You know how granny’s kitten heels and chintzy bed linens have come back in style? Welp, same goes for her wedding ring. After a long hiatus, these eight old-school trends are looking more modern and chic than ever. Join us in drooling over them – then promptly pivoting away from our princess-cut fantasies.
Credit: Studio 1040
Floral obsessed? Consider a cluster ring. This uber-feminine style became a popular choice during the Victorian era, when colored gemstones were often set in the middle and flanked by smaller diamonds to resemble flowers. Majorly pretty, right?
Credit: Erica Weiner
These short, octagonal diamond cuts are synonymous with the Art Deco designs of the 20s and 30s. The funny thing is, with their sleek, streamlined form and minimal geometric shape, they make for a remarkably modern engagement ring.
Credit: Melanie Casey
Flat on the bottom with a domed top that resembles their namesake, rose-cut diamonds have made their way back into the limelight in recent years. (Hi, Jennifer Aniston’s rose-cut stunner). Call it a placebo effect, but this cut just looks lush to us… and we swoon for their old world-y glamour.
Credit: Romanov Russia
Edwardian vibes are so hot right now. Think intricate turn-of-the-century motifs like ribbons and bows, which symbolize love and commitment. How’s that for romantic?
Old European Cuts
Before there was the brilliant cut (a.k.a. the traditional standard we see today), there was the Old European cut: round, sparkling, and entirely hewn by hand. These antiques were mined between 1890 and 1930, and they’re growing in popularity, thanks to their unique character and the earthy look of the diamond facets.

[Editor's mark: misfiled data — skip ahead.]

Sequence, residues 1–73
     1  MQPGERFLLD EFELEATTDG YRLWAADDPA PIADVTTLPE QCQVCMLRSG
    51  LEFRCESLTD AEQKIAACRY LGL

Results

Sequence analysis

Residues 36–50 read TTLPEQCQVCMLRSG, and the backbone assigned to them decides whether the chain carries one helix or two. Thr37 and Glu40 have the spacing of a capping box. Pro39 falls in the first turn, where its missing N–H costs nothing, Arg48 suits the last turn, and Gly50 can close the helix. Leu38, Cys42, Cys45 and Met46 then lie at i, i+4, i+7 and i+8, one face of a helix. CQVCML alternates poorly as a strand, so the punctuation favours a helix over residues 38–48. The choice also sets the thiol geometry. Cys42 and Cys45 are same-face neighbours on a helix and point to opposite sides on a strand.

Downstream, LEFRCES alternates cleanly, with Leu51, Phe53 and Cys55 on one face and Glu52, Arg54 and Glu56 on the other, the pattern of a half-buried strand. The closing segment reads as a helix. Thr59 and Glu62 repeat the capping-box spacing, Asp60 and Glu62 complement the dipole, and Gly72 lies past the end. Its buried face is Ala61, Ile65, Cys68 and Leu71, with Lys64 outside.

Credit: Jewel Luxe
Also known as navette or “little boat” in French (aww), this classic diamond shape dates back to early 18th-century France. We like to think of it as a less expected, sculptural alternative to ovals. PS: The elliptical shape works wonders at visually elongating your finger.
Credit: James Allen
This simple, square-shaped cut was the hot-ticket bling choice at the turn of the 20th century. With their symmetrical corners and mesmerizing ripple effect, it’s no wonder that they’re experiencing a modern revival. (We especially dig them in a minimalist eternity band.)
Credit: Point No Point Studios
Hello, geometric Art Deco vibes. We especially love this strong, unusual silhouette when paired with colored diamonds and a nontraditional setting. Example A: This black diamond and rose-gold stunner. We like.